What a transporting musical experience for any combination surround sound and Beatles fan! It’s a unique take on the familiar catalog of the Beatles, making even the standard stereo CD a wild mix of Beatles tunes that you have never heard together before, and with different accompaniment (or none) than was heard on the original track. But the 5.1 surround options on the separate DVD bring us The Fab Four in discrete six-channel surround sound for only the second time in history. (The first was the 5.1 soundtrack to the DVD release of Yellow Submarine in 1999.)It was the amazing matrix-derived surround that it was possible to tease out of the original stereo Beatles albums that got me hooked on the attractions of surround sound in the 1960s. They worked in the studio with their producer George Martin, using only four-track tape decks and dubbing back and forth plus overdubbing. It was truly amazing the results they got with their experimentations. (They also liked to run some of the tapes at different speeds and occasionally play them backwards – those old tricks are used several places in this new Beatles mix.) The resulting stereo LPs – especially on the high-quality European or Japanese pressings – were full of L-minus-R difference/ambient information that could be decoded simply by hooking even a single efficient speaker to the two + terminals of your amplifier and placing the speaker at the back of your listening room. The Beach Boys and Crosby, Stills & Nash LPs also worked well with this setup. It’s how I’ve been enjoying Sgt. Pepper in all the years since! – more so now with Dolby Pro Logic II.
But “Love” is a whole new ball game because Martin and his son Giles went back to those four-channel original tapes and remixed them into genuine six-channel versions for this unprecedented Beatles reissue. In some cases they dropped out the original instrumental backing completely; on While My Guitar Gently Weeps, the elder Martin arranged a backing of a string section – the only completely new music heard on the disc. Parts of some songs were used, flowing smoothly into another song that suddenly becomes closely connected, as though they were written together in the first place. Small sections of some songs are used as transitions to a different song. In the middle of the list of tunes is one titled “Gnik Nus.” My first thought was “What in the world? Don’t remember that song!” Then I heard it, realized it was a reversed tape, and the bit of John Lennon-style humor became clear. Some of the added sounds are part of the two producers’ effort to give the impression that the mix is one long Sgt. Pepper album – in other words, all a live recording. There’s a sizeable note booklet with an introduction by the Martins plus plenty of psychedelic-era Beatles artwork.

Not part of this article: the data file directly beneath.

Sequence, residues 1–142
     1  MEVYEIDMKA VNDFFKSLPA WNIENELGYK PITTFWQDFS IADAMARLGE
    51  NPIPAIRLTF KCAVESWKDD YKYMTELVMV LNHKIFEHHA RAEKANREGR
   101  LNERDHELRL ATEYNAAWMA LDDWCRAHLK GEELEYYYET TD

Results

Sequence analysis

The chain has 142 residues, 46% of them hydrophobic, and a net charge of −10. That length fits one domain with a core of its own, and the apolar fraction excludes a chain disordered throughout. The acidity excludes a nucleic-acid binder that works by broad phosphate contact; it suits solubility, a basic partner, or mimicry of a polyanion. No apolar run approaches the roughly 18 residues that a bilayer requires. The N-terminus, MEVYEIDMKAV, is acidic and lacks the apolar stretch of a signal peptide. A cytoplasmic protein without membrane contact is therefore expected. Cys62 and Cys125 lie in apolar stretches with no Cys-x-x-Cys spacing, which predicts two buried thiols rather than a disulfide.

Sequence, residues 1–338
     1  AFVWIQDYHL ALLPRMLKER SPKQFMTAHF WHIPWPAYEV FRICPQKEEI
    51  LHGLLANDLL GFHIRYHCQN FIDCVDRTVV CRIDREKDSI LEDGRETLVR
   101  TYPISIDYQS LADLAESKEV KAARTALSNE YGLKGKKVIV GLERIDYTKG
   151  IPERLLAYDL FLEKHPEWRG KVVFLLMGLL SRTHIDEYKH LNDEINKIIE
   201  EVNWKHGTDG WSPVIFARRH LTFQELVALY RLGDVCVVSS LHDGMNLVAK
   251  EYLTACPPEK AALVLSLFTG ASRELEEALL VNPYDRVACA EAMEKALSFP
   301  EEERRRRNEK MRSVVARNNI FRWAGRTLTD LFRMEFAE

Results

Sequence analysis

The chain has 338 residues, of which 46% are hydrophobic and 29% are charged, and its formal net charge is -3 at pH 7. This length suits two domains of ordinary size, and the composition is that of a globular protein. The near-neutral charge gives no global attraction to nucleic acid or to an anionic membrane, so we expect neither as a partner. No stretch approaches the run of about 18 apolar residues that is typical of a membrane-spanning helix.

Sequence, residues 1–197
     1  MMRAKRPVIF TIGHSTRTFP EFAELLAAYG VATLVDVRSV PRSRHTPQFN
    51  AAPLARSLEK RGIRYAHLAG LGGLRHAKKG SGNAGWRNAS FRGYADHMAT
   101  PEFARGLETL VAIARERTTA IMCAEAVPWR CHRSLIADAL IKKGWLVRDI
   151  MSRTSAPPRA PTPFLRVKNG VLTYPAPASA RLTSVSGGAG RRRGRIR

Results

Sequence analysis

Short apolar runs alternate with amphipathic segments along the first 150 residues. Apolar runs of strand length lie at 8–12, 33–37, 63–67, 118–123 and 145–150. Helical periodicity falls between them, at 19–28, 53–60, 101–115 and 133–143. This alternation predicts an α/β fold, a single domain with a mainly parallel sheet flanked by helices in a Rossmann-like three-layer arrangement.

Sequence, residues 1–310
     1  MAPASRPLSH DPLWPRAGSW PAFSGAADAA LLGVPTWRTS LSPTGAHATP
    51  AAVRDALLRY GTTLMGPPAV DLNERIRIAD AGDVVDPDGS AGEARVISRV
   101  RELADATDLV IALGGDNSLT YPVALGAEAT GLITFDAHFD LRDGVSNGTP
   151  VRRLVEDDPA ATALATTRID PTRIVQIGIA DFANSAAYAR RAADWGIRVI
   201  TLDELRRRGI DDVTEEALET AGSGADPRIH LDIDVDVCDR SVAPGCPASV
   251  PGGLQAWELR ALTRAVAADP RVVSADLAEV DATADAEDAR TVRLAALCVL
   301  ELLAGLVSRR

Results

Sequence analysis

The project began some years ago thru the friendship of George Harrison with Guy Laliberte, the founder of the Cirque du Soleil. They explored some sort of collaboration between the Beatles’ music and the Cirque performances. More recently Paul and Ringo, along with Yoko and Olivia Harrison, talked to George Martin about doing some experimental remixes from the original Beatles master tapes. The whole thing came together in “Love” and is being used for some of the Cirque shows in an hour-and-one-half surround version. It’s a sort of an alternate-universe Beatles soundscape, which should captivate almost any listener – especially when heard in the hi-res DVD-Audio format. I can’t imagine any Beatles fan being offended by it.
Eleanor Rigby/Julia (Transition)
I Am The Walrus
I Want To Hold Your Hand
Drive My Car/The Word/What You’re Doing
Something/Blue Jay Way (Transition)
Being For The Benefit of Mr. Kite!/I Want You (She’s So Heavy)/Helter Skelter
Strawberry Fields Forever
Within You Without You/Tomorrow Never Knows
Lucy in the Sky With Diamonds
Here Comes The Sun/The Inner Light (Transition)
Come Together/Dear Prudence/Cry Baby Cry (Transition)
Back In The U.S.S.R.
While My Guitar Gently Weeps
A Day In The Life
Sgt. Pepper’s Lonely Hearts Club Band (Reprise)
All You Need Is Love
— John Sunier